Prototyping in the browser

When you are design­ing a web site or web app I think you should pro­to­type in the brows­er. Why? You might as well ask why pro­to­type at all. Answer: To enable con­tin­u­ous test­ing and refine­ment of your design. Since you are design­ing for the web it makes sense to do this test­ing and refine­ment with an arte­fact com­posed of the web’s mate­r­i­al.

There are many ways to do pro­to­typ­ing. A com­mon way is to make wire­frames and then make them ‘click­able’. But when I am design­ing a web site or a web app and I get to the point where it is time to do wire­frames I often pre­fer to go straight to the brows­er.

Before this step I have sketched out all the screens on paper of course. I have done mul­ti­ple sketch­es of each page. I’ve had them cri­tiqued by team mem­bers and I have reworked them.

Drawing pictures of web pages

But then I open my draw­ing pro­gram—Sketch, in my case—and my heart sinks. Not because Sketch sucks. Sketch is great. But it some­how feels wrong to draw pic­tures of web pages on my screen. I find it cum­ber­some. My draw­ing pro­gram does not behave like a brows­er. That is to say in stead of defin­ing a bunch of rules for ele­ments and hav­ing the brows­er fig­ure out how to ren­der them on a page togeth­er I need to fol­low those rules myself in my head as I put each ele­ment in its place.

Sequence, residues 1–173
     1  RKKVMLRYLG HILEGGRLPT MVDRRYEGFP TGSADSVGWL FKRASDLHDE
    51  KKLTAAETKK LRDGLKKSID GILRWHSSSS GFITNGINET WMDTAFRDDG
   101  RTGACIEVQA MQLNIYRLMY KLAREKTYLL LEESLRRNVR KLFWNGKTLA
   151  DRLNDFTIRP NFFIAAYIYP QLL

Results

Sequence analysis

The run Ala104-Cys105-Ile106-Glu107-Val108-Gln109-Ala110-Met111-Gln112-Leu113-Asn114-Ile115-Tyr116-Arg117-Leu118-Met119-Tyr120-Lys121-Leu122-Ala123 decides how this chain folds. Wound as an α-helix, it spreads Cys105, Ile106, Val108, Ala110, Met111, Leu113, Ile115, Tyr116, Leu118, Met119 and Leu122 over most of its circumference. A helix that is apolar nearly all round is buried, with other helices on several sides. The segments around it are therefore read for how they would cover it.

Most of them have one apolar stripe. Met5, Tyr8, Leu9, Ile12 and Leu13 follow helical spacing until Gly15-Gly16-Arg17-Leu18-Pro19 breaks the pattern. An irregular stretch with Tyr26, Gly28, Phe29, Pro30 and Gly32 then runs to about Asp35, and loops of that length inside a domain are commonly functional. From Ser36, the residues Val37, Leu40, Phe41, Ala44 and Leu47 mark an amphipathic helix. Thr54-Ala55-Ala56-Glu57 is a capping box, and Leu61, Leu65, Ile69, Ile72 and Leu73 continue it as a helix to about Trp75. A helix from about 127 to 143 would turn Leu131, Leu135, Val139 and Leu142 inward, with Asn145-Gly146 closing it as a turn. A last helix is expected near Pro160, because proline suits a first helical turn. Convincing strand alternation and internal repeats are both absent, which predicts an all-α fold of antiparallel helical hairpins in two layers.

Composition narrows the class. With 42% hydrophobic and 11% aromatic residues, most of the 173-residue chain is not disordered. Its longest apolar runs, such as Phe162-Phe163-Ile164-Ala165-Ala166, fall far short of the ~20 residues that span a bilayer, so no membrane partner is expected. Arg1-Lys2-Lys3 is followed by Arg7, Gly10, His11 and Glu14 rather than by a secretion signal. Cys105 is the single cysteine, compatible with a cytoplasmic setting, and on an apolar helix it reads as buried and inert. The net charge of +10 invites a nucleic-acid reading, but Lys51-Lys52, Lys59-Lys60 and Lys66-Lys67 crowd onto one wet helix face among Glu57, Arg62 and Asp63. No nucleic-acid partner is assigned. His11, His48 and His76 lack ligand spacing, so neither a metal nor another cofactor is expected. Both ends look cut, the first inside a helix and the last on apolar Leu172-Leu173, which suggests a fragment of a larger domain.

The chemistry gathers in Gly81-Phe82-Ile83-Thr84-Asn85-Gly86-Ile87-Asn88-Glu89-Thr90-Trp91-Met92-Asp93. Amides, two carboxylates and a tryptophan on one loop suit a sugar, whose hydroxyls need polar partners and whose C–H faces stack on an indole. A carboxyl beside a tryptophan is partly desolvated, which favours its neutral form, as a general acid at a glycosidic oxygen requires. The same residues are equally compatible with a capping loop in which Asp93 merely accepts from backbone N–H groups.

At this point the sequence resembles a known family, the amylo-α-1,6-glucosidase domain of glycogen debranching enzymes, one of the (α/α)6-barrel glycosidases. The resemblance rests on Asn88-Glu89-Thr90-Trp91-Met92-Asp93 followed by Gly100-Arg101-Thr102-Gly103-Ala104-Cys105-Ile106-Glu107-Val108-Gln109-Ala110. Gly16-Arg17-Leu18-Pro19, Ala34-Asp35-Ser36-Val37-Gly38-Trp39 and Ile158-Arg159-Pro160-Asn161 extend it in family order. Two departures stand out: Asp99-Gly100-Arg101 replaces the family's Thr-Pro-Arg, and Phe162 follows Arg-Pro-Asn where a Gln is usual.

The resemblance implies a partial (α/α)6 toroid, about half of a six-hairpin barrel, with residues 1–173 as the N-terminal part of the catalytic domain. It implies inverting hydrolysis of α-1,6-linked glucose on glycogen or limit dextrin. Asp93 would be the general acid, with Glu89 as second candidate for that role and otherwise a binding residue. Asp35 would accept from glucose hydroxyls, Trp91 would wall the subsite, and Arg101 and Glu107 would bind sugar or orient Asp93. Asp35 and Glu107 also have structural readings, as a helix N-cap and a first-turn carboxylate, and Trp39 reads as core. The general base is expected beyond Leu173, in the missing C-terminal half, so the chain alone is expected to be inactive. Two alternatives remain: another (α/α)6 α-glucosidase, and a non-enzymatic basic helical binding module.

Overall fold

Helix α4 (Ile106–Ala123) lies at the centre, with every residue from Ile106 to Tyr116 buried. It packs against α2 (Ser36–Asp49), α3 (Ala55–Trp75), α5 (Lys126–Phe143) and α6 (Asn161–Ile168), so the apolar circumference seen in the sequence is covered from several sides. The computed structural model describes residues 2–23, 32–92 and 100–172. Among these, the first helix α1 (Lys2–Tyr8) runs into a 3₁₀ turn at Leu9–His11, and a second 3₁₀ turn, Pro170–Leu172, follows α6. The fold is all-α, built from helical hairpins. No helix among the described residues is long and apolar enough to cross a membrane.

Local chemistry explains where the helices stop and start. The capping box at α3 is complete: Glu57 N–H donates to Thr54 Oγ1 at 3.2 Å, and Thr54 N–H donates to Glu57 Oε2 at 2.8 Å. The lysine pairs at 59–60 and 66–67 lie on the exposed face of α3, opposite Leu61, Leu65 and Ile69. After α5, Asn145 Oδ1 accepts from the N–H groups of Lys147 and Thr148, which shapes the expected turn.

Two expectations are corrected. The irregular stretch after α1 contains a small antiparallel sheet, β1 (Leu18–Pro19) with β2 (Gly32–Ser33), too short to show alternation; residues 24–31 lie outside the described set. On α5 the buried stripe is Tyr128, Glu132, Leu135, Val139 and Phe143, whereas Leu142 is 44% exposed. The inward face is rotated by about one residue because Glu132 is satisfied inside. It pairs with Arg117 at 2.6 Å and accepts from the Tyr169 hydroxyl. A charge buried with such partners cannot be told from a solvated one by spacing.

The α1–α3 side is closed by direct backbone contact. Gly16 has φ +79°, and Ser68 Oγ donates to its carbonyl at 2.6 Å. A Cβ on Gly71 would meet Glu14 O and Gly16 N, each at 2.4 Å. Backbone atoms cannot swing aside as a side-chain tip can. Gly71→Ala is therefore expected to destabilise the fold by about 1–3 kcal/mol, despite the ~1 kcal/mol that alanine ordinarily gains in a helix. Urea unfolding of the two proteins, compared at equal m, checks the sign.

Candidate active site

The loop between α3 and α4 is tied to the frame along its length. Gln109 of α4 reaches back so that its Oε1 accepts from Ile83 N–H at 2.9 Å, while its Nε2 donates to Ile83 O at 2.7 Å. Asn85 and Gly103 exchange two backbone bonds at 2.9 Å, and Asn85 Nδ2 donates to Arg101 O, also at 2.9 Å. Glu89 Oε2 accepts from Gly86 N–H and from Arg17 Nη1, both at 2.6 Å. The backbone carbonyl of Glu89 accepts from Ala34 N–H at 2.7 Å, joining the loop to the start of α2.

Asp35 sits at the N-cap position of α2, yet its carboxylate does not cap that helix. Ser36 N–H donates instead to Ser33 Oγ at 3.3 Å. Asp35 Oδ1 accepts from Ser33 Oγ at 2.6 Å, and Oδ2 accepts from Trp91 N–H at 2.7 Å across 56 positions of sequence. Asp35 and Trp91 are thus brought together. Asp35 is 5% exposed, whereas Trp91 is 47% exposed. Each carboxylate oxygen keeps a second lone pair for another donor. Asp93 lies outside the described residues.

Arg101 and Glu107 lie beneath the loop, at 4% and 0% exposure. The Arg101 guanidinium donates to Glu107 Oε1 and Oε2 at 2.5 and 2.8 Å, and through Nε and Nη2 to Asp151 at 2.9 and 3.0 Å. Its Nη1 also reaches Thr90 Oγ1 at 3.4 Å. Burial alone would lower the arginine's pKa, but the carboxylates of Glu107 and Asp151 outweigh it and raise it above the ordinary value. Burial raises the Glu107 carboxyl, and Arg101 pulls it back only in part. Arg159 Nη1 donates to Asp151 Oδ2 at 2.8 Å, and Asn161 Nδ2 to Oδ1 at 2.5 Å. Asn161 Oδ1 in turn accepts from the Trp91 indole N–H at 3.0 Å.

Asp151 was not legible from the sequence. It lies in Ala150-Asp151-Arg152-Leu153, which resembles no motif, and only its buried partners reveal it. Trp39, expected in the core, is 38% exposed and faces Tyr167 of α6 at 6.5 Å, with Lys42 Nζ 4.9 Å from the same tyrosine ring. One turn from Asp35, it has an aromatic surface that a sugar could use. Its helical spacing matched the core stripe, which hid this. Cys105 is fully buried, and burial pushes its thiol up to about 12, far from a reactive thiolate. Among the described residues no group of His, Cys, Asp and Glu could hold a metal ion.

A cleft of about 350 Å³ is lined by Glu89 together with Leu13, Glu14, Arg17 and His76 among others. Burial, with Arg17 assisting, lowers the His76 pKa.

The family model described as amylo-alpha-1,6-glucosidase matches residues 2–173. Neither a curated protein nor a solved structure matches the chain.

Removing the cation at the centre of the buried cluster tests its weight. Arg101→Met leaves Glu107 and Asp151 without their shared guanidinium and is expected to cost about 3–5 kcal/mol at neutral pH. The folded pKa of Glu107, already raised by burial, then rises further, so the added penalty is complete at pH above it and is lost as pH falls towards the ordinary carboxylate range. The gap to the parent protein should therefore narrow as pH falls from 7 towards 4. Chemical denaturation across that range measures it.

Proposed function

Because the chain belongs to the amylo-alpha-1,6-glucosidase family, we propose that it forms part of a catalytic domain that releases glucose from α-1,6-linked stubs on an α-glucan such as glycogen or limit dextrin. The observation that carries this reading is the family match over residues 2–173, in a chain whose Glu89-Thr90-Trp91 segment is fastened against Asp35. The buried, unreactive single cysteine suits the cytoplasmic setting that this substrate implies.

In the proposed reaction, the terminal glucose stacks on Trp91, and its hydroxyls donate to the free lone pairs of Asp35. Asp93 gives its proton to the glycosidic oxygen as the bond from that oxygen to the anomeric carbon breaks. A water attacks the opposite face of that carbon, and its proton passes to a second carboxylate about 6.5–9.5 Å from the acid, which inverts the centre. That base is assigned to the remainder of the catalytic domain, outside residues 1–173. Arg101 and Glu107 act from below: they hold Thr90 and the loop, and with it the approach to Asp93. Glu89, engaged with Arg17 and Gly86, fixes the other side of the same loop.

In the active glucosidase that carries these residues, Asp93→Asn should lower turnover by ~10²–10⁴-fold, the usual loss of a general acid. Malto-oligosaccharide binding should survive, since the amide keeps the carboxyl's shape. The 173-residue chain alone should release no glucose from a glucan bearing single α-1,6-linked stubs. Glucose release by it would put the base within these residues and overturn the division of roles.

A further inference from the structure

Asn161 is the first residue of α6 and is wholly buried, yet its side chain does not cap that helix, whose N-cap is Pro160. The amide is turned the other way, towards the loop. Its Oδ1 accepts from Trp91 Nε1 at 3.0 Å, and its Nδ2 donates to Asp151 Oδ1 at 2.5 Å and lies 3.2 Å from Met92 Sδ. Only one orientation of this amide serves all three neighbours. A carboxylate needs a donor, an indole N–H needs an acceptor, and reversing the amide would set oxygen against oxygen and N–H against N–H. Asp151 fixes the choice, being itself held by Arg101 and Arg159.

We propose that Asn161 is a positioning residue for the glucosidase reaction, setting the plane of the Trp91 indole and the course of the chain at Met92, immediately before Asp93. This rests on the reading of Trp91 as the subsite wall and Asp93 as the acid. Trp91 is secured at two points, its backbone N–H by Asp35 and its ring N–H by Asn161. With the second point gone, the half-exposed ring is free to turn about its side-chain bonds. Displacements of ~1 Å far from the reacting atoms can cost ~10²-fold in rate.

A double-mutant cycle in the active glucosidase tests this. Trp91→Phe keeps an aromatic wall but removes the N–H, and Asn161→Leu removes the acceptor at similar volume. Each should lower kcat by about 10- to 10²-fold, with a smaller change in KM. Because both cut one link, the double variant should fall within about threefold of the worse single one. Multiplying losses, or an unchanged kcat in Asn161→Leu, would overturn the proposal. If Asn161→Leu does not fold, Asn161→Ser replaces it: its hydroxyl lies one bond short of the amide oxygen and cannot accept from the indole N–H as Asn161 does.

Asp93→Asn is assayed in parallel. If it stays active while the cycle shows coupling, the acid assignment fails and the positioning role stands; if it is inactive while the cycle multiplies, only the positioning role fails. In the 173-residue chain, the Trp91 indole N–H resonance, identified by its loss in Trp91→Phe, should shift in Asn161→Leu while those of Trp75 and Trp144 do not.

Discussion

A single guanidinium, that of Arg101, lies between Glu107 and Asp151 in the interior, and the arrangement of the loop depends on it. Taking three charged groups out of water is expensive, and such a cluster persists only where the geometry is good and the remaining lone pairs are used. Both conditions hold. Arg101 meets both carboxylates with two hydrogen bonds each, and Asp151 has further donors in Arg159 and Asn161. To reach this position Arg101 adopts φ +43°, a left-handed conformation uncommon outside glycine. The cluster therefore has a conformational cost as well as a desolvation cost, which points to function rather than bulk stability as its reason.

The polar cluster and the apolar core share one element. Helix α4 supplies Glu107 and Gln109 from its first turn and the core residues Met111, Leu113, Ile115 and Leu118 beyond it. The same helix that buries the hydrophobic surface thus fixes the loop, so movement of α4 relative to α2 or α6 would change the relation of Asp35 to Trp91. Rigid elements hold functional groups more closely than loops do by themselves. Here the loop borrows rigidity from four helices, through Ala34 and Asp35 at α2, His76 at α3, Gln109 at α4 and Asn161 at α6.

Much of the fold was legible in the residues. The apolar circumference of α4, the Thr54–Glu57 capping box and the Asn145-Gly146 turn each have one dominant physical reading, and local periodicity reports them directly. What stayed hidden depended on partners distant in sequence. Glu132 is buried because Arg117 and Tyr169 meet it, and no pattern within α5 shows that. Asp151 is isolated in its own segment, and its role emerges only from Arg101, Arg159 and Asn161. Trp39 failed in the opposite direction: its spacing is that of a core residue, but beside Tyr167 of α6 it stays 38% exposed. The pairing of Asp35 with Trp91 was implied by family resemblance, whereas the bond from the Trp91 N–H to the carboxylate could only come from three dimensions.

And don’t get me start­ed on how wire­frames are sup­posed to be with­out visu­al design. That is non­sense. If you are using con­trast, rep­e­ti­tion, align­ment and prox­im­i­ty, you are doing lay­out. That is visu­al design. I can’t stand wire­frames with a bad visu­al hier­ar­chy.

If I per­se­vere, and I have a set of wire­frames in my draw­ing pro­gram, they are sta­t­ic. I can’t use them. I then need to export them to some oth­er often clunky pro­gram to make the pic­tures click­able. Which always results in a poor resem­blance of the actu­al expe­ri­ence. (I use Mar­vel. It’s okay but it is hard­ly a joy to use. For mobile apps I still use it, for web sites I pre­fer not to.)

Prototyping in the browser

When I pro­to­type in the brows­er I don’t have to deal with these issues. I am doing lay­out in a way that is native to the medi­um. And once I have some pages set up they are imme­di­ate­ly usable. So I can hand it to some­one, a team mem­ber or a test par­tic­i­pant, and let them play with it.

That is why, for web sites and web apps, I skip wire­frames alto­geth­er and pro­to­type in the brows­er. I do not know how com­mon this is in the indus­try nowa­days. So I thought I would share my approach here. It may be of use to some.

It used to be the case that it was quite a bit of has­sle to get up and run­ning with a brows­er pro­to­type so nat­u­ral­ly open­ing a draw­ing pack­age seemed more attrac­tive. Not so any­more. Tools have come a long way. Case in point: My set­up nowa­days involves zero screw­ing around on the com­mand line.